On Twitter today, I went off about comic-book lettering (as I do), and went on at enough length that I thought it’d be worth preserving it here, in case anyone’s interested.
Here’s how it started:
What will drive me from comics won’t be money or bad deals or trolls or bad sales. I will be driven from comics by lettering that annoys me.
Too small. Too hard to read. In the wrong place. Should butt to the border. Should match the line weight of the balloon border. Aiee! I will be the unshaven lunatic Howard Hughes of comics, gibbering in my penthouse about annoying lettering. On books I don’t even write.
My cryptic last words will be “goddamn captions didn’t harmonize with the line art…”
I went on:
Last night I read three comics, lettered by excellent letterers. Two had lettering stuff that annoyed me. [The third was by Chris Eliopoulos.]
It’s not that the lettering on the other two books was bad, it just had tics and aspects that bugged me, that threw me out of the story, made me think about lettering rather than story and character.
Anyway, it inspired this:
Used to be, ordinary lettering, balloon borders and panel borders were done with the same pen. So there’s a long tradition of these things all having the same line weight, and thus this looks “normal” (at least to old people). It’s a rule of thumb worth knowing, even if you decide to break it for aesthetic reasons. It also ties everything together; the lettering, balloons and panel borders are all part of the same sensibility, all part of the same picture plane, framing the art. Change that, and you change that effect, for good or ill.
[We broke that pattern for THE AUTUMNLANDS, for instance, where the balloons have no borders, the panel borders are thick and organic, and the lettering font has nothing to do with it. This is because we want the lettering to feel as if it sank into the artwork, as a cut-in rather than hovering over it. The captions, however, have borders made of the same thick-brushy line as the panel borders. To my mind, at least, this makes the captions part of the proscenium, separated from the action, while the dialogue is cut in, very much part of the action. Whether that works for you, I dunno. But we chose the effect deliberately.]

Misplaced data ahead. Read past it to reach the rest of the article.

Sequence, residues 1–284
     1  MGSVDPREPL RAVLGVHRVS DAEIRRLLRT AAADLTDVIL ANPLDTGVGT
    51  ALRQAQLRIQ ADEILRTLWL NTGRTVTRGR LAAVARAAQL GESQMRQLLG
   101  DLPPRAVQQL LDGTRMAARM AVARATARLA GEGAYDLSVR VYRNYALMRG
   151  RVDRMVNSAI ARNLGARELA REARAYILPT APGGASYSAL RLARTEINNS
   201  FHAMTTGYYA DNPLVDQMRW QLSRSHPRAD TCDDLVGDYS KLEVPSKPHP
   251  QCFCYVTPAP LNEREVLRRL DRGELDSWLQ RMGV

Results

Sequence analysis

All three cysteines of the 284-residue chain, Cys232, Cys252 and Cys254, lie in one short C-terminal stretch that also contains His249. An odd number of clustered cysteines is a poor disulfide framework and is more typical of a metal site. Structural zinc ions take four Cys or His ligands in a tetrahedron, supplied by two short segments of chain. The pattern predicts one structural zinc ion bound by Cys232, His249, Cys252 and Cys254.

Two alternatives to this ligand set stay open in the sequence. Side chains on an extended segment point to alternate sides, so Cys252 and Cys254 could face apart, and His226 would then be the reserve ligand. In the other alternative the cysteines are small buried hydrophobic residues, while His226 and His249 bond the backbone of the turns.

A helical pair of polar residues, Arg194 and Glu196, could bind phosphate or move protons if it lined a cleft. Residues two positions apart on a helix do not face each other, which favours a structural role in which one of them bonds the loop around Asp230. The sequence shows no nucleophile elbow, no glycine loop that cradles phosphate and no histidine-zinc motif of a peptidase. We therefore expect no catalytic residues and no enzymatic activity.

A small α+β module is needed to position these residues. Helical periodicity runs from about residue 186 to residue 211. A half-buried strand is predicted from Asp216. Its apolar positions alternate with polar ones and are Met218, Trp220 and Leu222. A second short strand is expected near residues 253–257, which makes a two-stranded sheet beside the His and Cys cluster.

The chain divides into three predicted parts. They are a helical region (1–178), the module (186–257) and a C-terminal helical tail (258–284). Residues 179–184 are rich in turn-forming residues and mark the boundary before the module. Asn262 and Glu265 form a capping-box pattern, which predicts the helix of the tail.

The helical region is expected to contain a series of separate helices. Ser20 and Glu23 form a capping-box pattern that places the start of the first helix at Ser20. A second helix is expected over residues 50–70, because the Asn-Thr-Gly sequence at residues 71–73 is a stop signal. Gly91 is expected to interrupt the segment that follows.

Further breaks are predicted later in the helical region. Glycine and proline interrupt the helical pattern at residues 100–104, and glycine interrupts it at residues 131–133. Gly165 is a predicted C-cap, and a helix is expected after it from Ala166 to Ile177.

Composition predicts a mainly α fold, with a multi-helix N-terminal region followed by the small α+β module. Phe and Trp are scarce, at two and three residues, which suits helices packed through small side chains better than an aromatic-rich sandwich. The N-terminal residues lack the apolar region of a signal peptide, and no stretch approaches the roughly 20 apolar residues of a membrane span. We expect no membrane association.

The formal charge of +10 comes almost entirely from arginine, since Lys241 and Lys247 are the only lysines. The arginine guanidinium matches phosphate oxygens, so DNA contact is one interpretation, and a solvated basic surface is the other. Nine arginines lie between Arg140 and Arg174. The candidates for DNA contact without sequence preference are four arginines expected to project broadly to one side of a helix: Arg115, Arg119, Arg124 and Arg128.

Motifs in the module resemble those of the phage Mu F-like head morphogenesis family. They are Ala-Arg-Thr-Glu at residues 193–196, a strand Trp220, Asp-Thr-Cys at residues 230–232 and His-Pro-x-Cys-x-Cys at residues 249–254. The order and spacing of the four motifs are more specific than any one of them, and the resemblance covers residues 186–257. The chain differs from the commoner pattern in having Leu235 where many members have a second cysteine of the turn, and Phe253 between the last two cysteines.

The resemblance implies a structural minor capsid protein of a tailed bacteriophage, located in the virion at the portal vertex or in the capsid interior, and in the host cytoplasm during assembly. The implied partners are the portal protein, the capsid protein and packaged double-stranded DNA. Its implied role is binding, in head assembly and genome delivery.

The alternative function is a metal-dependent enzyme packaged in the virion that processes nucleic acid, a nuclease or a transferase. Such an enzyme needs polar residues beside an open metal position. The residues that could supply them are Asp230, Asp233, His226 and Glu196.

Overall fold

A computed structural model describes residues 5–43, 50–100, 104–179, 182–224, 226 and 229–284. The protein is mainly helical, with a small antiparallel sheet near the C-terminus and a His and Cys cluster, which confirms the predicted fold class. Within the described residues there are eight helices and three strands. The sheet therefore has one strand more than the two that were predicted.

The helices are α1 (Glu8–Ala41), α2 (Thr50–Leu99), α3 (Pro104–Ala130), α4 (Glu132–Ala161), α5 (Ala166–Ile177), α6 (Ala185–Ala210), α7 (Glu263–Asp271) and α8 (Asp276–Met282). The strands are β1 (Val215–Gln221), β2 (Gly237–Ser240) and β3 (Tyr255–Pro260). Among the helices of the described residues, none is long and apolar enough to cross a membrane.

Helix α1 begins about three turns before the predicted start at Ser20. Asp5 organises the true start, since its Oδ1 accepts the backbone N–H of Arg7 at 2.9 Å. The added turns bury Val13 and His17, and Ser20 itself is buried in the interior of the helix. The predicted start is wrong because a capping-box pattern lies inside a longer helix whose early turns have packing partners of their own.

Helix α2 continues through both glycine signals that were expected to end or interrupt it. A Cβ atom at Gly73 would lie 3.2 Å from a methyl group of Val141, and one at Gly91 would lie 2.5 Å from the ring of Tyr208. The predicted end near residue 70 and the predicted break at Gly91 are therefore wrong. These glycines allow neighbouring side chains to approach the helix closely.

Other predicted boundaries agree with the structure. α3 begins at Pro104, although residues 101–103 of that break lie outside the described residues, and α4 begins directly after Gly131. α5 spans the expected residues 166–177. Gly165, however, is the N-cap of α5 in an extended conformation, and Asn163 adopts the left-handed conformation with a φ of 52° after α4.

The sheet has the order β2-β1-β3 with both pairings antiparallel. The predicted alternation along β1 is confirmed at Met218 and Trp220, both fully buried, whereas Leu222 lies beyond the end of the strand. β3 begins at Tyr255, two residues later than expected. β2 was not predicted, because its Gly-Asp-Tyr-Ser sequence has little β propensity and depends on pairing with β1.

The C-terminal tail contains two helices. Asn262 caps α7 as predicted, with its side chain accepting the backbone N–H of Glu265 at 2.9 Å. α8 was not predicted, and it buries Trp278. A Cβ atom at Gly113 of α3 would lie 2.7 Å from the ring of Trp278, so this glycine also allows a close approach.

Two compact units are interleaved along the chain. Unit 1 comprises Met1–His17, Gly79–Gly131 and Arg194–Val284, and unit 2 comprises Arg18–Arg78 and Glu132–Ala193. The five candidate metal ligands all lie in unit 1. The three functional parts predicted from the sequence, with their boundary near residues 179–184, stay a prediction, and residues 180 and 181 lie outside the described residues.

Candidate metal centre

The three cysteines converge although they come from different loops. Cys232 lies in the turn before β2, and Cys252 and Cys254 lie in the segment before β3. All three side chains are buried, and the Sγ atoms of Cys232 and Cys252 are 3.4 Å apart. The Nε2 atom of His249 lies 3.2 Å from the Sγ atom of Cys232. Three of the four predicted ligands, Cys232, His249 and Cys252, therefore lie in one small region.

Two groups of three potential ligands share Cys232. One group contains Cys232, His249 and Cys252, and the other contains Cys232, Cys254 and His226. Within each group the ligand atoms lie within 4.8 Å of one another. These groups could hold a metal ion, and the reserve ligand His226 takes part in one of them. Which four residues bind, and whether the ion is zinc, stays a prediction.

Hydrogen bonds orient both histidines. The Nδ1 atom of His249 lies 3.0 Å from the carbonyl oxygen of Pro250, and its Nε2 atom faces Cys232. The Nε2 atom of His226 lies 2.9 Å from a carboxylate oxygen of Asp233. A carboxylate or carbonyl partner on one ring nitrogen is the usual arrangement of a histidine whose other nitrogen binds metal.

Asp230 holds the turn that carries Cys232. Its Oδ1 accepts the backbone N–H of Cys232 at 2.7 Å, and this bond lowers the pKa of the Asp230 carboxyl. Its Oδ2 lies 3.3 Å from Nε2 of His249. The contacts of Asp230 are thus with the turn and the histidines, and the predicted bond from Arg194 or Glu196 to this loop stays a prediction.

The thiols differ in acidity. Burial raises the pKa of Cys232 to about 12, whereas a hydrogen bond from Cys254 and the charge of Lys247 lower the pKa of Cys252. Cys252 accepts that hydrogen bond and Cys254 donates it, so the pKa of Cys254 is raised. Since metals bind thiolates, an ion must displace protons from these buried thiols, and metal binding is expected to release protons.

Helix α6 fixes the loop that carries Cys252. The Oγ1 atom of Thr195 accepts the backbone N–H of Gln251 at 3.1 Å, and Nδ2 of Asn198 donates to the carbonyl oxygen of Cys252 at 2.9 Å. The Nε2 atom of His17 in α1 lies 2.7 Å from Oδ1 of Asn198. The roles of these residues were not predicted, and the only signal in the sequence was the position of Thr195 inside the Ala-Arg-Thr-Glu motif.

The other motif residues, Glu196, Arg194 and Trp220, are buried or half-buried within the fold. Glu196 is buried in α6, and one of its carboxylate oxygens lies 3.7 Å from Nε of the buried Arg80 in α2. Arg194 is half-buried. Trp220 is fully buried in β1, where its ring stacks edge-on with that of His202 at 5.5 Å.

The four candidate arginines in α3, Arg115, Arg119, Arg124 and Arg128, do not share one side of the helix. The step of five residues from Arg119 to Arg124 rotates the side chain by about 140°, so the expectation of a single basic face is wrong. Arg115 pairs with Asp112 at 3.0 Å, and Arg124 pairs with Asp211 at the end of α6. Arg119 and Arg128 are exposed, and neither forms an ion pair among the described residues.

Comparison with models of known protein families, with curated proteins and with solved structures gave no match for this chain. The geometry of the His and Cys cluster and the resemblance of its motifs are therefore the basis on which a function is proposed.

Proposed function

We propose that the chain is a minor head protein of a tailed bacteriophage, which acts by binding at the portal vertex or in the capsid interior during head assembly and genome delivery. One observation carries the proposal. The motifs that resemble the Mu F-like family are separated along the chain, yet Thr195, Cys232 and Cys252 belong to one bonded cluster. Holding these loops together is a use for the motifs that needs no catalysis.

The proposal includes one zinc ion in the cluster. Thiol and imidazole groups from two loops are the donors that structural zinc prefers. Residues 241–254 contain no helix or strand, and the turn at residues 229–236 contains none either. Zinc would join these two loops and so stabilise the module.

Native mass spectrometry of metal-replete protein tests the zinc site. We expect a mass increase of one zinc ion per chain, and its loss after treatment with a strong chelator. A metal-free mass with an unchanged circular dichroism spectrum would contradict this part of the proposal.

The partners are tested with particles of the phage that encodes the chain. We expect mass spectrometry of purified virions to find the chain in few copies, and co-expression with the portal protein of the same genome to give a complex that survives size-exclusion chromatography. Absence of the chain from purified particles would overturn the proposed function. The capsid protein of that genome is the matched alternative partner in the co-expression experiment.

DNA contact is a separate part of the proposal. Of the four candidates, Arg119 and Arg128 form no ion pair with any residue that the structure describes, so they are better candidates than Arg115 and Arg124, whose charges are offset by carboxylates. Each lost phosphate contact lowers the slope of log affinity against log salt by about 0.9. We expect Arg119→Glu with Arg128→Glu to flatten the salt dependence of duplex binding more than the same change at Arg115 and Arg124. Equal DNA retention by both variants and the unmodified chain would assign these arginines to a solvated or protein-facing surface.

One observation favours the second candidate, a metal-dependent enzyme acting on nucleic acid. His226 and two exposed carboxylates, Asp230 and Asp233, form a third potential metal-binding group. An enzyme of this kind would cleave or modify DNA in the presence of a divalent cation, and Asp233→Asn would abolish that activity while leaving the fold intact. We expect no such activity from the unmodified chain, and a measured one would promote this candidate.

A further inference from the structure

If word balloons never (or rarely) interact with panel borders, they look like clutter, like Skittles scattered on the page. Worse, they create a new plane—a lettering plane—that has nothing to do with the panel borders or art, which can make them feel like they’re in the way rather than part of the proceedings.
If lettering only goes in whatever space is available, rather than interacting with the dynamics of the art and helping lead the eye, then it can feel like an obstacle, rather than part of the art.
Graphically, lettering is rectangles, ovals and circles. It’s going to either be part of the layout dynamics or it’s going to clash with it. Being part of the dynamics is better.
If the lettering is in multiple fonts, having them all the same point size won’t work, because different fonts have have different weights. All of the fonts should feel like they “weigh” the same on the page, that they have the same footprint (unless they’re meant to read as louder or quieter). So lower-case fonts need to be a little bigger to match the “weight” of all-caps fonts. Skinny-line fonts need to be a bit bigger than thick-line fonts, because they feel flimsier, lighter. If the reader has to keep adjusting, the book gets harder to read, but if the letters have the same approximate “weight,” then it all reads smoothly. [This is not a mechanical thing, it’s a matter of judgment; you have to see what looks like it weighs the same.]
Too many different fonts or balloon styles on a page will also start to feel like clutter even if they’re all the same weight; a little style-play goes a long way, but too much just creates a mess. We learned this in AVENGERS, where we went kind of overboard and learned to rack it back.
And any font should be readable. If you’re mimicking some exotic letter-set, mimic it enough to get the flavor of it, but not so much that it makes the reader slow down to decipher it. Readability is rule one, unless you’re designing death-metal logos.
Oh, and fancy-ass caption boxes with color gradations and built-in logo-chunks can look great over art that’s every bit as slick and fancy-ass, but over gestural, rough linework it usually looks out of place, clashing with the art. Don’t clash with the art style, mesh with it.
That’s about the caption box styles. For lettering itself, crisp, precise lettering can make rough, gestural art look deliberate, while rough, sloppy lettering can make the same art look amateurish. Different styles of lettering brings out different aspects of the art; try to bring out the good ones.
I think that’s my lettering rant for the day.
On top of this, let me add that I’m not a professional letterer, and the closest I’ve come is designing a few logos for friends who couldn’t afford better than my meager abilities. So take everything I say with a grain of salt. But I think it’s worth thinking about, at least.
Hope that’s useful to anyone who reads all the way through. And even if you disagree with me on this stuff, it’s worth thinking about what effect lettering has and why, so you can create storytelling effects with it deliberately, rather than just applying one reflexive formula to everything.
Happy New Year!
[And hey, as long as it is New Year’s, I should mention the Comicraft Font Sale! Check it out, letterfolk and would-be letterfolk!